What a nice surprise, I nearly jumped off of my sofa!

Blue Jasmine Tales poster

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‘Tales of the City’, from a column to a canon

Author Armistead Maupin’s frank vision of San Francisco has won millions of fans

Arminta Wallace
March 10, 2014

It began as a column in a local newspaper and ended up with more than six million readers. In his Tales of the City series of novels, Armistead Maupin’s freewheeling vision of San Francisco seduced the world with its combination of sunny amiability, frank sexuality and sly humour. It also created a soap-opera cast of recurring characters: Michael “Mouse” Tolliver, Mary Ann Singleton, Brian Hawkins, and their pot-smoking transgender landlady, Anna Madrigal. Now aged 92, Anna takes centre stage as the gang reunites for the latest – and final – volume, The Days of Anna Madrigal .

Maupin happily admits that, when he began, the pressure of creating instalments on a daily basis was considerable. Did he map plots and characters out in advance, to make it easier?

“No, in a word,” he says. “I knew that I wanted a landlady. I knew the characters had to be distinctive, so that readers could remember who everybody was. Beyond that I didn’t have a real game plan.

“It just kind of grew organically, as people explored the city and took on lovers and needed a friend down the hall. I was just grabbing everything out of the air: things that had happened to me the night before, stories that I’d been told, and a general instinct about how I wanted it to feel.”

At 70, Maupin is white-haired, avuncular, relaxed. But the past 40 years have been as much of a journey for him as for his characters. In the second book, 1980’s More Tales of the City , Michael “Mouse” Tolliver writes a letter to his parents declaring he is gay. It was Maupin’s way of getting the message to his own parents. Unorthodox, but it worked. They accepted his public declaration and have supported him. Maupin, for his part, has accepted his role as a highly visible gay activist.

“When I started writing Tales of the City I was one year away from being a mental illness,” he says. “It wasn’t until 1975 that the American Psychiatric Association took homosexuality off the list of mental illnesses – and in many states, including the state of North Carolina, where I grew up, homosexuality was a crime. An arrestable crime. It still is, in many parts of the world.

“On the road I encounter enormous emotion from readers,” he adds. “Some of them are LGBT people who, when they read the books, found that life can be beautiful and there’s nothing you need to change. You just need to be honest about who you are.”

The dark side
The books have had their share of darkness. During the 1980s they confronted the Aids crisis. More recent storylines have touched on cancer, divorce and ecological disaster. But the central theme of Tales of the City has always been that the biggest disaster of all is our penchant for demonising those who are different. Despite the homophobic right-wing rants that make headlines in the US on a regular basis, Maupin says daily life for the gay community in America has improved dramatically.

“Individual states are deciding to accept marriage equality. Ten years ago, all the talk was about activist judges who might declare it okay, and thus undermine civilisation. Now it’s just growing in states where people have realised there’s nothing particularly horrifying about Uncle Andy marrying his friend Joe.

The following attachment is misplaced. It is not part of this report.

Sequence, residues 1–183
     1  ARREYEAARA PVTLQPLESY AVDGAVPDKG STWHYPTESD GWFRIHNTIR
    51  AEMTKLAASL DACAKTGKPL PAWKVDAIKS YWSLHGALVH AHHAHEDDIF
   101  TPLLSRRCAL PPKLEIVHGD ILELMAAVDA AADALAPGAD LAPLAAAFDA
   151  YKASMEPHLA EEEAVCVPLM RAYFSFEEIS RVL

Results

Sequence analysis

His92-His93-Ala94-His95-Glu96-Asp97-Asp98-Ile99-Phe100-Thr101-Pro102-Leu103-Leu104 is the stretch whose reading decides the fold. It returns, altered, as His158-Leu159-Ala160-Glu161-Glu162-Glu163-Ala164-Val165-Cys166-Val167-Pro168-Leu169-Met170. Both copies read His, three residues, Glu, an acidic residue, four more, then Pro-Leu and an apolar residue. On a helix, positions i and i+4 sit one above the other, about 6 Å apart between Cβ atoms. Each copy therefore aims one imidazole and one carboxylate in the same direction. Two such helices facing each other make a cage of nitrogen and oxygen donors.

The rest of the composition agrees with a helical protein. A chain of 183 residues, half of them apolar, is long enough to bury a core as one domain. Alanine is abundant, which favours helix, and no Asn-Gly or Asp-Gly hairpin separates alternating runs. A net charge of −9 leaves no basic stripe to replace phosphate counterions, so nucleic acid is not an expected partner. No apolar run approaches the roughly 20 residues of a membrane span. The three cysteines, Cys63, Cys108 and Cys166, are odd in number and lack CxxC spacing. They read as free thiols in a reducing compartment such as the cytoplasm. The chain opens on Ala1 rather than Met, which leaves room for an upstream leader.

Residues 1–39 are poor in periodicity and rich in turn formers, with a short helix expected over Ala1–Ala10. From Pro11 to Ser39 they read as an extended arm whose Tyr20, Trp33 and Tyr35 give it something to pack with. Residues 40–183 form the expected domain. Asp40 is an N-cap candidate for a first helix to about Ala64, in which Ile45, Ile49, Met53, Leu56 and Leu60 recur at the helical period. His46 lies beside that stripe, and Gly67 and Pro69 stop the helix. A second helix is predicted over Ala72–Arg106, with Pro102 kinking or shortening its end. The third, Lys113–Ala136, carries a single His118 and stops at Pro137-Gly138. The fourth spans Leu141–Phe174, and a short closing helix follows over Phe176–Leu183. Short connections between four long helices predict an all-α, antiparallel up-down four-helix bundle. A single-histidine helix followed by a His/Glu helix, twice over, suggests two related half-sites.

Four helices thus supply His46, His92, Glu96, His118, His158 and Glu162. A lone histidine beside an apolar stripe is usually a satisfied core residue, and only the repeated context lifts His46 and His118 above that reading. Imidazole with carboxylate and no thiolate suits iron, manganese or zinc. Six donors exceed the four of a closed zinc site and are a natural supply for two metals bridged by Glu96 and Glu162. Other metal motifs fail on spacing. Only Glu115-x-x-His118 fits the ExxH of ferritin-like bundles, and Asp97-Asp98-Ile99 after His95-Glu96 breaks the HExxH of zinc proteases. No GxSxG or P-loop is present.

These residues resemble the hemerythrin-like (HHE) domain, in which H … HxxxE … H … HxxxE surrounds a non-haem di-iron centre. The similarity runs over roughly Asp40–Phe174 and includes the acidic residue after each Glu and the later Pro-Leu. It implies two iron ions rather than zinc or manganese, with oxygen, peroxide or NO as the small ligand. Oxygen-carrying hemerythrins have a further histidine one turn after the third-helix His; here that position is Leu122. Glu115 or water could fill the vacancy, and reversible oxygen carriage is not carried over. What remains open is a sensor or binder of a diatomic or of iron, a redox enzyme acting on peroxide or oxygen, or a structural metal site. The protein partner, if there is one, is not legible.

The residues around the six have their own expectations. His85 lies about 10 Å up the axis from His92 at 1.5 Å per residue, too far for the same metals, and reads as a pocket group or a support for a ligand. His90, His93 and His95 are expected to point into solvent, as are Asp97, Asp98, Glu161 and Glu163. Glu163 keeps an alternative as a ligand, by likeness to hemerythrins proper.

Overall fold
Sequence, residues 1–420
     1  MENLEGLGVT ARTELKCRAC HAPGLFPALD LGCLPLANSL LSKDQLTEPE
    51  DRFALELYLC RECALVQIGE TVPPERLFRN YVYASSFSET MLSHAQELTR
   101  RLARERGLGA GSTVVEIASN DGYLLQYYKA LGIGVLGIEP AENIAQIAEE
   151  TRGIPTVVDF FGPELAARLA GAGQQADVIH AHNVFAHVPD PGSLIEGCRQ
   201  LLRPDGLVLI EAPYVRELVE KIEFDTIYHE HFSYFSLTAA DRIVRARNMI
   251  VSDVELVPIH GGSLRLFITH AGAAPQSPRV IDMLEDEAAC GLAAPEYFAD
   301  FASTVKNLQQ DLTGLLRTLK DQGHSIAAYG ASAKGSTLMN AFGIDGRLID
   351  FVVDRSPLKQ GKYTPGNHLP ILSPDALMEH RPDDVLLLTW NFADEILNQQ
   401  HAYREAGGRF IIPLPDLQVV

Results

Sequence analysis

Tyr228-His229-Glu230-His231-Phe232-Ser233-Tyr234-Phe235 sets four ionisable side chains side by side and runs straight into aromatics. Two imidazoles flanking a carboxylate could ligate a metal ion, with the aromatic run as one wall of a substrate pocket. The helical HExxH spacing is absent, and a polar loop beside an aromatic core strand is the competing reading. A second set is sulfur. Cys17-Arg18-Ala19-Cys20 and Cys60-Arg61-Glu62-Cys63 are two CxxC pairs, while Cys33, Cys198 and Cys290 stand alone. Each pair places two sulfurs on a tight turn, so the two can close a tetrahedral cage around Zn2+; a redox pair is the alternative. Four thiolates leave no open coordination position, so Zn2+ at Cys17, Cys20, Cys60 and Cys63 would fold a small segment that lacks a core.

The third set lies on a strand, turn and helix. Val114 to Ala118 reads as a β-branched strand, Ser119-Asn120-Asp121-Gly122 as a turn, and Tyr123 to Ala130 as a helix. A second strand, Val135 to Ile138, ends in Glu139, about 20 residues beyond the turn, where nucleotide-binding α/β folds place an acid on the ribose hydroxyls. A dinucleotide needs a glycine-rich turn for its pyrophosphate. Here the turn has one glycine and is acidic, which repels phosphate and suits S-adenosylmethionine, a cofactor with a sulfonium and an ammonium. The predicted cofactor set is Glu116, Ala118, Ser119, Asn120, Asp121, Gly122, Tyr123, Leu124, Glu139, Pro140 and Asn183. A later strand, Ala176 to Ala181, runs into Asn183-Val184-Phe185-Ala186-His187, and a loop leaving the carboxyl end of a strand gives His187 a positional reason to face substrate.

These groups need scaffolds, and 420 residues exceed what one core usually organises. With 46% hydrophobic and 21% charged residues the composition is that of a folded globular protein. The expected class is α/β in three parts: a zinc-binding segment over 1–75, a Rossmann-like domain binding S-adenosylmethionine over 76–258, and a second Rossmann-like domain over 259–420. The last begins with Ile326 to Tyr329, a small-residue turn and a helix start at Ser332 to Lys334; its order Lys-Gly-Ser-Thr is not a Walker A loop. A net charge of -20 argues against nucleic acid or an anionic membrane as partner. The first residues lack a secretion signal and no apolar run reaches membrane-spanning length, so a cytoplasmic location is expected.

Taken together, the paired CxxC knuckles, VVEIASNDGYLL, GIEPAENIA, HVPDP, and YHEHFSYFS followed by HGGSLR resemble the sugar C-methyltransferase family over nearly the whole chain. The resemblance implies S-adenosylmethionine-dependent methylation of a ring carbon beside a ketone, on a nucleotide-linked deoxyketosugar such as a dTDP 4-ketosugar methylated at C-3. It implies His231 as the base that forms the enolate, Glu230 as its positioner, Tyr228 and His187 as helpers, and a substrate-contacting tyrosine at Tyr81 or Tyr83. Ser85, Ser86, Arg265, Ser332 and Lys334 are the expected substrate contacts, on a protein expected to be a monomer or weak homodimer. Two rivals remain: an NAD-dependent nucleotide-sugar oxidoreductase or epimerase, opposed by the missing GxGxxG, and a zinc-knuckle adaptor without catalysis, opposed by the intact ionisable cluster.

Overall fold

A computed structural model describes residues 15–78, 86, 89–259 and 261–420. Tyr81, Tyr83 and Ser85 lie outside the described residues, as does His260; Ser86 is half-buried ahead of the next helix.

“I think social networking has a lot to do with it. When you see a gay couple on Facebook, they’re living their life. They’re proud of their dog, proud of their children, cooking meals every night. The demonisation stops.”

In The Days of Anna Madrigal we learn that the boarding-house at 28 Barbary Lane has been sold to dotcom millionaires. Like so much that happens in the books, the plot point mirrors a development in Maupin’s real-world story. Ironically, the man who brought San Francisco to the world has left the overpriced, techie-dominated city: Maupin and his husband of six years, Christopher, have moved to the desert in Santa Fe.

“Property prices are much better and there’s a great deal of charm and natural beauty,” says Maupin with a fond smile. “We’re at the end of a dirt road in an adobe house. There are rolling hills all around us and coyotes howling in the backyard. We have the bluest sky you can imagine most of the year. In the wintertime it snows, but not in any seriously debilitating way. And it’s 15 minutes from the wholefood stores.”

The Days of Anna Madrigal brings the Barbary Lane gang on a mildly bumpy road trip to the Burning Man festival in the salt flats of Nevada, where Anna flies, literally and metaphorically, into the sunset. Well, she is 92. Even a pot-smoking, transgender landlady can’t go on forever. All the same, wouldn’t Maupin consider doing just one more follow-up volume?

“I would be teased forever if I did,” he says. “I’ve already been accused of being on Cher’s farewell tour.”

But he may – perhaps – write a memoir and turn it into a one-man show so that he can still get around and meet his loyal readers. And so the story continues.

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Armistead Maupin Remembers “Tales Of The City” and Ponders The Future

by Jim Halterman | March 21, 2014

Mention Tales Of The City to pretty much any gay man of a certain age and a smile will creep across his face. He might also offer how the books helped him to come out.

The beloved series which began in 1976 might have wrapped up earlier this year with the publication of the ninth book, The Days Of Anna Madrigal, but the classic series continues to attract fans, not only for the novels, but also for the groundbreaking Tales of the City film adaptations.